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liuzhou, your description of moon cakes and their being passed back and forth reminds me of fruitcake in the U.S. I dislike it (fruitcake) for much the same reasons of its seasonal ubiquity and cloying sweetness. (To be fair: I have experienced a few good slices of fruitcake, but not often enough to change my wariness of the stuff.) I think the fancy tin looks like a lot of fun, however. That would be worth accepting a gift or two of mooncakes. :-)

Edited to add this note: people who wish to defend or malign fruitcake may be interested in these topics:

The Fruitcake Topic

Fruitcake -- Bake-Off IX

 

Let me tell you Smithy:

 

In England, particularly Northern England , especially Yorkshire,  We, us, Yorkshiremen love sweet fruit cake when combined with Wenslydale chees. If pushed a very strong

 

Cheddar.

 

The sharpness of one plays against the sweetness of the other.

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Martial.2,500 Years ago:

If pale beans bubble for you in a red earthenware pot, you can often decline the dinners of sumptuous hosts.

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Let me tell you Smithy:

 

In England, particularly Northern England , especially Yorkshire,  We, us, Yorkshiremen love sweet fruit cake when combined with Wenslydale chees. If pushed a very strong Cheddar.

 

The sharpness of one plays against the sweetness of the other.

 

It isn't just in northern England. Same in Scotland. And I've been served 'bun' and cheese in Jamaica more than once.

 

But mooncakes are nothing like fruit cake or Jamaican bun. And China doesn't do cheese.

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...your dancing child with his Chinese suit.

 

The Kitchen Scale Manifesto

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Sometimes gifted things look different to different people.

 

A neighbor was visiting this morning for coffee (her husband and children (7) were doing something noisy and I think she needed a bit of peace and quiet.

 

My good buddy Ben, who owns a bakery/cafe stopped by on his way down to Smart & Final (Palmdale) to pick up some supplies and brought me a bag of frozen cake scraps.  He had to bake a bunch of 80 cakes that had to be trimmed to fit special containers brought in by a client and while he can use a certain amount of cake scraps, this was way too much.

So he brought me a bunch because he knows I use them often.

 

My neighbor thought this was really odd and said so, thinking that Ben was joking with me or poking fun at my baking.

 

I clued her in on the numerous uses for cake crumbs, including the egg custard pie with peaches that I took to one of her birthday parties a couple of months back - the "crust" was made from toasted cake crumbs. 

 

She went home with an idea of looking up various uses for cake crumbs - since she bakes very little, I am sure that she will be back later to beg some of my very generous supply of cake scraps to make crumbs. 

Since I have more than 10 pounds, I can certainly give her some to play with.

 

Sort of like making a silk purse out of a sow's ear...

Edited by andiesenji (log)
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"There are, it has been said, two types of people in the world. There are those who say: this glass is half full. And then there are those who say: this glass is half empty. The world belongs, however, to those who can look at the glass and say: What's up with this glass? Excuse me? Excuse me? This is my glass? I don't think so. My glass was full! And it was a bigger glass!" Terry Pratchett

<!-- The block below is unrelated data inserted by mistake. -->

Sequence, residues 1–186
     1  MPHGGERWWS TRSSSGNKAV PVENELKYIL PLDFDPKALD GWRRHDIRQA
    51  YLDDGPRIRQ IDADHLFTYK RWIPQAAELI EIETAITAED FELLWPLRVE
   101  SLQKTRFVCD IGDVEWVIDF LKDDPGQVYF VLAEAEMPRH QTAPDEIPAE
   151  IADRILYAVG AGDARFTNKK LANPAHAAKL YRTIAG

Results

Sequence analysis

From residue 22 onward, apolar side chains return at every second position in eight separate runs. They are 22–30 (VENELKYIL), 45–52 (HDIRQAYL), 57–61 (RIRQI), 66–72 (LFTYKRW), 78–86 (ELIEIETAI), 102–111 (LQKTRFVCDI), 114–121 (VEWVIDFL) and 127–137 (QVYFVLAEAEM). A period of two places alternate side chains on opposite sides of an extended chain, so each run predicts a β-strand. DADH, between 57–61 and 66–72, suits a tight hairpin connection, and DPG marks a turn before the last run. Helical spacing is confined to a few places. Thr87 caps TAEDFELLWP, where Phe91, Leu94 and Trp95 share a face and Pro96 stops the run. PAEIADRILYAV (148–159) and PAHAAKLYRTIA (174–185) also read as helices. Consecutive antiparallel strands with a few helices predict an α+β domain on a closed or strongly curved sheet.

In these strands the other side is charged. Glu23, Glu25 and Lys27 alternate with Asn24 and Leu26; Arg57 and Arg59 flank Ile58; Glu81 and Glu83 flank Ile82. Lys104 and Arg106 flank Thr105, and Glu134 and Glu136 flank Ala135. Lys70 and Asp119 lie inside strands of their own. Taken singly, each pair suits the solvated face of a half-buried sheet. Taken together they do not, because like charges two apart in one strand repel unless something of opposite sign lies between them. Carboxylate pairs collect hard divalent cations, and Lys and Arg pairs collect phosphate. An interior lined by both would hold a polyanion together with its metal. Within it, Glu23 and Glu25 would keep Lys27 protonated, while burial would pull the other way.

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  • 4 weeks later...

My boss gave  to me a package in box format_ with 6 tablets of fudge  with different flavours  which is terrible sweet, it is like eating a tablet of sugar and I do not like at all things so sweety. So I have decided putting a little bit in a plate  each time we have visitors at home.  This is the kind of product you could have at home for years.....

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Wild Hibiscus Flowers in Syrup

 

Pretty, perhaps, but froufrou just isn't my thing.

Edited by Alex (log)
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"There is no sincerer love than the love of food."  -George Bernard Shaw, Man and Superman, Act 1

 

Gene Weingarten, writing in the Washington Post about online news stories and the accompanying readers' comments: "I basically like 'comments,' though they can seem a little jarring: spit-flecked rants that are appended to a product that at least tries for a measure of objectivity and dignity. It's as though when you order a sirloin steak, it comes with a side of maggots."

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Wild Hibiscus Flowers in Syrup

 

Pretty, perhaps, but froufrou just isn't my thing.

That's aways awkward. :=)

Hibiscus on its own is quite tart. You may find this stuff useful in tea, if you like sweet-tart tea, but I'm just guessing. Whirred up and added to a salad dressing? Used over pancakes as a syrup? Again, I'm guessing...

Nancy Smith, aka "Smithy"
HosteG Forumsnsmith@egstaff.org

"Every day should be filled with something delicious, because life is too short not to spoil yourself. " -- Ling (with permission)

"There comes a time in every project when you have to shoot the engineer and start production." -- author unknown

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Wild Hibiscus Flowers in Syrup

 

Pretty, perhaps, but froufrou just isn't my thing.

There is a Mexican restaurant in Valencia,CA that serves an ice cream float  made with vanilla ice cream (made in house), hibiscus syrup and seltzer.

I have been told that it is absolutely delicious and rather light - after one of the rather hearty meals they serve.

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"There are, it has been said, two types of people in the world. There are those who say: this glass is half full. And then there are those who say: this glass is half empty. The world belongs, however, to those who can look at the glass and say: What's up with this glass? Excuse me? Excuse me? This is my glass? I don't think so. My glass was full! And it was a bigger glass!" Terry Pratchett

 

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It's almost never bad to feed someone.